Sergey Popkov immigrated to Canada from Russia in 2004 and had travelled between the two countries marketing for a Brampton trading company.
His permanent resident card expired in 2009 after five years, and Popkov, nominally a Toronto resident, lost his immigrant status when it was discovered he’d spent only 470 days in Canada in that time, short of the 730-day presence required to retain it.
It’s a hard lesson for the 55-year-old former commercial pilot, who has twice been denied a visitor’s visa to see his wife, two daughters and grandson — all citizens here. He may remain separated from his family for the foreseeable future.
The number of immigrants losing their permanent residency for not spending enough time in Canada has almost tripled over the past five years, from 1,653 in 2006 to 4,587 last year, according to Citizenship and Immigration Canada.
Officials say the rising revocations have nothing to do with the Conservative government’s hard-line approach to immigration and citizenship.
In 2003, Ottawa introduced the permanent resident card as a mandatory international travel document for immigrants who are not yet citizens. The so-called Maple Leaf card has also been used to track immigrants’ movements to see if they fulfill their residency obligation — two out of five years — in Canada.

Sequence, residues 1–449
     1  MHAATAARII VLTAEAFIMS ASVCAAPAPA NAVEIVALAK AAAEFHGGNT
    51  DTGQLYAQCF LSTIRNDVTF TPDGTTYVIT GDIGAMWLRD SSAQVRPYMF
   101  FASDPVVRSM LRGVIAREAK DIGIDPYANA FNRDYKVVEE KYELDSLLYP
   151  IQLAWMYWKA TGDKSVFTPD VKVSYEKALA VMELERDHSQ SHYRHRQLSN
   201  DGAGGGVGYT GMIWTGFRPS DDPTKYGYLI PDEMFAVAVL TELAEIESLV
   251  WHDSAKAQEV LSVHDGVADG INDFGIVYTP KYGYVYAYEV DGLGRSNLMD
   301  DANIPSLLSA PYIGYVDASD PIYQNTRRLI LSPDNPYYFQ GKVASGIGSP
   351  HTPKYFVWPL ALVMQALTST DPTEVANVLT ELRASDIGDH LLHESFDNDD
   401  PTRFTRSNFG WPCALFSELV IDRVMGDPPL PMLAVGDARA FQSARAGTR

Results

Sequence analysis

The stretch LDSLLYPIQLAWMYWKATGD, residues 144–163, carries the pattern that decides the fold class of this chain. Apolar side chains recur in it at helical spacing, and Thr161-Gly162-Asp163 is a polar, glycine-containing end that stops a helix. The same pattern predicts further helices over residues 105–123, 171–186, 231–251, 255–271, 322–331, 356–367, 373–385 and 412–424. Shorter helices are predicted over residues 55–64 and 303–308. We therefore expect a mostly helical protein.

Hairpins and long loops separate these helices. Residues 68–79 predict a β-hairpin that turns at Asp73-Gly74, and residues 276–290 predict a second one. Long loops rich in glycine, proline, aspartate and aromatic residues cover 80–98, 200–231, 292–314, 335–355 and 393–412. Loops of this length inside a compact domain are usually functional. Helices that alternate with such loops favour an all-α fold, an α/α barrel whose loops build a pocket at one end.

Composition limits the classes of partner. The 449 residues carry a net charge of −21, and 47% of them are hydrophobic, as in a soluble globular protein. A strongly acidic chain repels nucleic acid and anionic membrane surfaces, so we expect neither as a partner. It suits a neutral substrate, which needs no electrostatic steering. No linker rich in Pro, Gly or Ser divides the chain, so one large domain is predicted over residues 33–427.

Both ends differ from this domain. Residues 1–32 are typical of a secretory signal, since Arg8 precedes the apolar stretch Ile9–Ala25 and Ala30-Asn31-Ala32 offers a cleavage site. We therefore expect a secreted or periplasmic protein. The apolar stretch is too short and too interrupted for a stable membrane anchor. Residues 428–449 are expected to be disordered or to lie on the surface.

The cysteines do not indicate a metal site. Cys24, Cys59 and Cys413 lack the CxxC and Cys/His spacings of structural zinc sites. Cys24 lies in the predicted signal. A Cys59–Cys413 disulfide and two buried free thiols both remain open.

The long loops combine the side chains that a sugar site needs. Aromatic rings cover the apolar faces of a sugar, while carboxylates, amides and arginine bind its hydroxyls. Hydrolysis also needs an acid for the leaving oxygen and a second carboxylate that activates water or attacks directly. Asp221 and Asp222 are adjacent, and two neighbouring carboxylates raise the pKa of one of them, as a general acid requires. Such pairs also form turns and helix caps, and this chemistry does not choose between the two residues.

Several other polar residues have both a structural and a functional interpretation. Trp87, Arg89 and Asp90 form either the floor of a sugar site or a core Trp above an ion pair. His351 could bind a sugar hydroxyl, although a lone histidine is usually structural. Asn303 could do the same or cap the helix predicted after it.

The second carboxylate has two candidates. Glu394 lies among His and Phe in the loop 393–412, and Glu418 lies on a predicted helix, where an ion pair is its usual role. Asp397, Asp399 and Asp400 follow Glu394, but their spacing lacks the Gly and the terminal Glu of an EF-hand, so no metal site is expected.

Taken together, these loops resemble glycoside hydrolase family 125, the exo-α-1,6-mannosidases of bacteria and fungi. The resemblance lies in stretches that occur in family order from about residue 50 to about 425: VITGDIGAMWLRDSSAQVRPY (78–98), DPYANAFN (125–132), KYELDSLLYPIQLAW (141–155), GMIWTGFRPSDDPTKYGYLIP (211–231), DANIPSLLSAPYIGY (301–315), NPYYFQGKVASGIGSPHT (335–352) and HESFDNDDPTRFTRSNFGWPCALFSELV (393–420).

All immigrants must meet that minimum to keep their status. If they spend 1,095 days or more over the five years here, they are eligible to become citizens.
Exemptions are given to those staying outside Canada who are accompanying a Canadian-citizen spouse or who are employed full-time by a Canadian business or government.
“The increase in the number of permanent residency revocations, (especially) in 2008, is likely related to the PR card becoming mandatory for international travel in 2003 and the surge of renewal applications that occurred following the initial five-year validity period,” said a department spokesperson.
“In the course of regular processing of applications, residency issues are identified. These may also be informed through ongoing investigations by enforcement partners.”
Popkov was in Moscow when his request to renew his permanent resident card was denied. The visa officer found he was not working full-time for the Brampton firm and did not count his days in Russia toward his residency obligation.
His daughter, Alina Popkova, said she recognizes her father has no legal grounds to keep his status, but is upset immigration officials use his family ties in Canada in their decision-making only when it suits them.
In stripping Popkov’s permanent resident status, an immigration tribunal concluded that “he does have family ties to Canada; however, he is only minimally established in Canada.”
But in rejecting his visitor’s visa, authorities said they weren’t satisfied he’s leave at the end of the temporary period if they granted a visa.
“We recognize my father didn’t meet the residency requirement, but you can’t keep the family apart by denying him a visa to visit us. It is just inhumane,” said Popkova, 32, a product manager who now plans to sponsor her father to Canada — with no assurance that he would be accepted.
Immigrant status revoked on failed residency requirement
2006 309 1,3441,653
Source: Citizenship and Immigration Canada